11/14/2017 7:30:00 AM Oneida highway department may eliminate superintendent position Reorganization would also affect some county policy if carried out
Evan J. pretzer/lakeland times
Oneida County public works committee members, from left, Sonny Paszak, Robb Jensen, Michael Timmons and Scott Holewinski discuss Oneida County highway commissioner Bruce Stefonek’s department restructuring proposal.
On Nov. 9, the Oneida County Public Works Committee discussed highway commissioner Bruce Stefonek's money saving proposal to eliminate the position of county highway superintendent and replace it with two lower-paid assistant workers.
Since the committee's last meeting in October, the supervisory position has been vacant due to its last holder moving outside of the area in Wisconsin for different work.
In the time between this gathering and the one on Nov. 9, Stefonek had been researching how the proposed restructuring would work in the county budget and what rules followed by the Oneida County Highway Department would be changed, if any.
During last week's meeting, he had an answer for the committee on the latter of the two.
If the county superintendent position was eliminated and two assistant workers were brought on to assume the roles of the original job, they would not enjoy the same privileges current county employees in the highway department receive with vehicles.
Right now, the county code allows the head of a department to let employees take a government vehicle home if, in the judgement of the department head, it is essential to. Under the restructuring, employees in the future could only do so if they are on-call.
For committee member Mike Timmons, giving workers a county vehicle when they are not consistently working during a day and could use a private one made little sense.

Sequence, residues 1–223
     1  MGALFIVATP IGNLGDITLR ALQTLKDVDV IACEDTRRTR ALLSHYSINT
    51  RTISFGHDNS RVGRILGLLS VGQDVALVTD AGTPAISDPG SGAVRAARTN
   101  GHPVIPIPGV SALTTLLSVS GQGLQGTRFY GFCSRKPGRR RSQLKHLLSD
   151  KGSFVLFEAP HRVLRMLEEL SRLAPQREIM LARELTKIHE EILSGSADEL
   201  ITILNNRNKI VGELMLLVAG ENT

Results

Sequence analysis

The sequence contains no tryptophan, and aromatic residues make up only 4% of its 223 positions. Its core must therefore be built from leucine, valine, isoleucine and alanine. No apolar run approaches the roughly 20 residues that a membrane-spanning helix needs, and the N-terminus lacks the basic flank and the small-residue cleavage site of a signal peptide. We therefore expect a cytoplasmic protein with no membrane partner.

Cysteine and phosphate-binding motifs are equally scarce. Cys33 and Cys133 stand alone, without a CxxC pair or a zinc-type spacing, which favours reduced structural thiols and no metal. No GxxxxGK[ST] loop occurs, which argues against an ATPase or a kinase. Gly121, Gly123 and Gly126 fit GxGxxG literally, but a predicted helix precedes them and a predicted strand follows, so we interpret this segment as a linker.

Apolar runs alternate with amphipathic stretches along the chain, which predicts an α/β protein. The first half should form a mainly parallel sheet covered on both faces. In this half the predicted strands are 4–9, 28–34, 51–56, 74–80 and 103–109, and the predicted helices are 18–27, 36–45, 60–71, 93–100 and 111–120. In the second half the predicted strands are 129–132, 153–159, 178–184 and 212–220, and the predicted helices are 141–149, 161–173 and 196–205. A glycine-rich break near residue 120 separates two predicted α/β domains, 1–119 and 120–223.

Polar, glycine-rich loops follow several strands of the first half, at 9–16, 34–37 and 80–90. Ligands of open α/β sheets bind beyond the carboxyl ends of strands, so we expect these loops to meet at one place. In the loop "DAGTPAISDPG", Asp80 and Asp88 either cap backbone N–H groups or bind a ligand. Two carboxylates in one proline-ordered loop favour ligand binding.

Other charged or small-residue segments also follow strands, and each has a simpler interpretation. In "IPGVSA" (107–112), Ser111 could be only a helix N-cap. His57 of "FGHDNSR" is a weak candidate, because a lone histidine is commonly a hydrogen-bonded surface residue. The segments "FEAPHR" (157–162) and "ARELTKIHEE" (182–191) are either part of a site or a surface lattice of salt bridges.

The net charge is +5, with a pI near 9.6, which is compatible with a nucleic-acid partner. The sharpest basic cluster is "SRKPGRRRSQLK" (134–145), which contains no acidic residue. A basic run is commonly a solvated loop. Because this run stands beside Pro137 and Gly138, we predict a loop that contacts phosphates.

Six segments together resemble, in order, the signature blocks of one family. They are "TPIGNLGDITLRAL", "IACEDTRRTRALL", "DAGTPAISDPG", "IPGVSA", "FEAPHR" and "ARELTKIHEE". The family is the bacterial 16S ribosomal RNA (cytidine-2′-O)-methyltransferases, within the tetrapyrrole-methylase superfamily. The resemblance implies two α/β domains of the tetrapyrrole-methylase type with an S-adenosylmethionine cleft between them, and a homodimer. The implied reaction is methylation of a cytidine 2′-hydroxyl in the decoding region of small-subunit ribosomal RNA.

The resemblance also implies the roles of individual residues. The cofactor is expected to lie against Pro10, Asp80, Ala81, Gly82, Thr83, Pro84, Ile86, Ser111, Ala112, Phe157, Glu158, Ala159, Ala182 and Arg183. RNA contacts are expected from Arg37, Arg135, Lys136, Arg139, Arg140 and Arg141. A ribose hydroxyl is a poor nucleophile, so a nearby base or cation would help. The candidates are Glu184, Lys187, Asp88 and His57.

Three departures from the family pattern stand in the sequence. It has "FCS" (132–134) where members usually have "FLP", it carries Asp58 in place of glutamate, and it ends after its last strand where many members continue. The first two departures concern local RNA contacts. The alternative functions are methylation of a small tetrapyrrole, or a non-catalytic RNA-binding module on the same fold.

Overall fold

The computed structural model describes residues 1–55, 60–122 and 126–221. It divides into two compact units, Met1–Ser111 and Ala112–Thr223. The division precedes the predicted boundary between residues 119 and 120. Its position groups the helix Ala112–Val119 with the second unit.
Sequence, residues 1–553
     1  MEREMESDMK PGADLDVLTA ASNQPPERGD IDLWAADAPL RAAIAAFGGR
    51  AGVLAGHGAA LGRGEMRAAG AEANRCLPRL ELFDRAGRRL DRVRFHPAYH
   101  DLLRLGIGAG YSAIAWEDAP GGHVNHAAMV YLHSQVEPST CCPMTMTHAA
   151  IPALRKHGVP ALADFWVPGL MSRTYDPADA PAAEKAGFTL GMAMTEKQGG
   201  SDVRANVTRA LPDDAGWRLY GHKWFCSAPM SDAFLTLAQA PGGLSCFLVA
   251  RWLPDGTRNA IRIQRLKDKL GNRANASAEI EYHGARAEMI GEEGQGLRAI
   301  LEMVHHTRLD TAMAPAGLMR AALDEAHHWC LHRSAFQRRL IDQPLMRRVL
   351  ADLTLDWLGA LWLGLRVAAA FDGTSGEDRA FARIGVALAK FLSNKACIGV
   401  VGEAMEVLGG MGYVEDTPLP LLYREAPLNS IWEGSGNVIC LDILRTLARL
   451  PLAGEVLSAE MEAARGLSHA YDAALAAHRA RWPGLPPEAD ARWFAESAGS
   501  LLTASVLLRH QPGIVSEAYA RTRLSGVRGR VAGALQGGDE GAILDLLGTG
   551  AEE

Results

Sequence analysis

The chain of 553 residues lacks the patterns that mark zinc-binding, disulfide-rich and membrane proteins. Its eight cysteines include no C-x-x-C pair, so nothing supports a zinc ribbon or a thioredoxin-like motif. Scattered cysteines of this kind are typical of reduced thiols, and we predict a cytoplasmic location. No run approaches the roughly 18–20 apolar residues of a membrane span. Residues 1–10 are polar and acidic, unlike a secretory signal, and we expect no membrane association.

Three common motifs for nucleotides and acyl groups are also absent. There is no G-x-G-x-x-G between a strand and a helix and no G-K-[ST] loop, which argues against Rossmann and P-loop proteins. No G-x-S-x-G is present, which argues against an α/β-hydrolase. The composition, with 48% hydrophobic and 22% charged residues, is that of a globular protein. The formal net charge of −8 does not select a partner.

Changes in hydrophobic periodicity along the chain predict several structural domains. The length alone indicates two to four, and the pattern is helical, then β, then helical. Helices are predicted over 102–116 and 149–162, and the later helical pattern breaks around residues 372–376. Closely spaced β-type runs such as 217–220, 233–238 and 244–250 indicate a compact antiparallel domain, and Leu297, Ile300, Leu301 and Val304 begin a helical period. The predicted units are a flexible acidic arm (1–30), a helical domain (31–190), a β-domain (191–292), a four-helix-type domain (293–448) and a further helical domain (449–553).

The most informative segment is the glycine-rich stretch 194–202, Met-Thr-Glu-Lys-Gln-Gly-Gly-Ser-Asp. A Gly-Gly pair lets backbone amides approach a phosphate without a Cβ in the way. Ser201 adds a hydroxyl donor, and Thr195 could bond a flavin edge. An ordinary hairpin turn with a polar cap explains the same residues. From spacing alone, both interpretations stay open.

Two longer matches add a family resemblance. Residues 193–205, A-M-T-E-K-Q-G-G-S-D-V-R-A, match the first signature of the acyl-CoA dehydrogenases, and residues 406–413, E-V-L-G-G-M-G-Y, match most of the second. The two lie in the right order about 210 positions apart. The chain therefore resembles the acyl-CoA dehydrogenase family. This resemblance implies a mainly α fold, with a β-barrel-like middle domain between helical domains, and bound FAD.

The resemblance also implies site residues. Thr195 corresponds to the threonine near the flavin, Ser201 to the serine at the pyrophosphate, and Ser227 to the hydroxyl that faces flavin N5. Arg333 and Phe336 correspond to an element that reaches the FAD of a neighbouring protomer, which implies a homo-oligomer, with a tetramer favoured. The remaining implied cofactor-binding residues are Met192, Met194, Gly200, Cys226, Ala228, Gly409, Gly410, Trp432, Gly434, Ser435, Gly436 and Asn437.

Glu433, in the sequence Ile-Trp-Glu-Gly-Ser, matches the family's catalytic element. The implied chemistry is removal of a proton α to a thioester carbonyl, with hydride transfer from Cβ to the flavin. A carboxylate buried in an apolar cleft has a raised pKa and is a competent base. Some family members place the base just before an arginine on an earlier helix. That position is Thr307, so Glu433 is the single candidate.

"Last weekend, we had a worker who was on-call and I know where he was during each day," he said. "He wasn't at this end of the county and was at a swim meet in Minocqua. He had his cellphone with him, but what's the use of giving someone a car in this scenario? What good does it honestly do when they could easily use their own?"
In response, committee chairman Robb Jensen refuted this point. In his view, it didn't matter if a worker was in Minocqua while on-call. If someone was working for the county and needed a strong vehicle in adverse weather, they should have it at their disposal. Even if they end up leaving their house for some personal matters now and again.
"They should have a truck. Their backup, too," Jensen said. "I don't think any of us expect somebody who is on-call to never leave their house and totally focus on work."
Ultimately, after a short debate, the public works committee directed Stefonek to come back with more financial numbers at their next meeting, and, if the reorganization is approved, to document when he allows county vehicles to go on-call in the future.
According to Jensen, he is hoping for the changes to get instituted.
"This is a great idea," he said. "It will absolutely make a difference in our budget with two lower positions and will save some fuel costs if they can only take a car when on-call. But we've got a long way to go in committees and at the county board as well."
Evan J. Pretzer may be reached via email at firstname.lastname@example.org.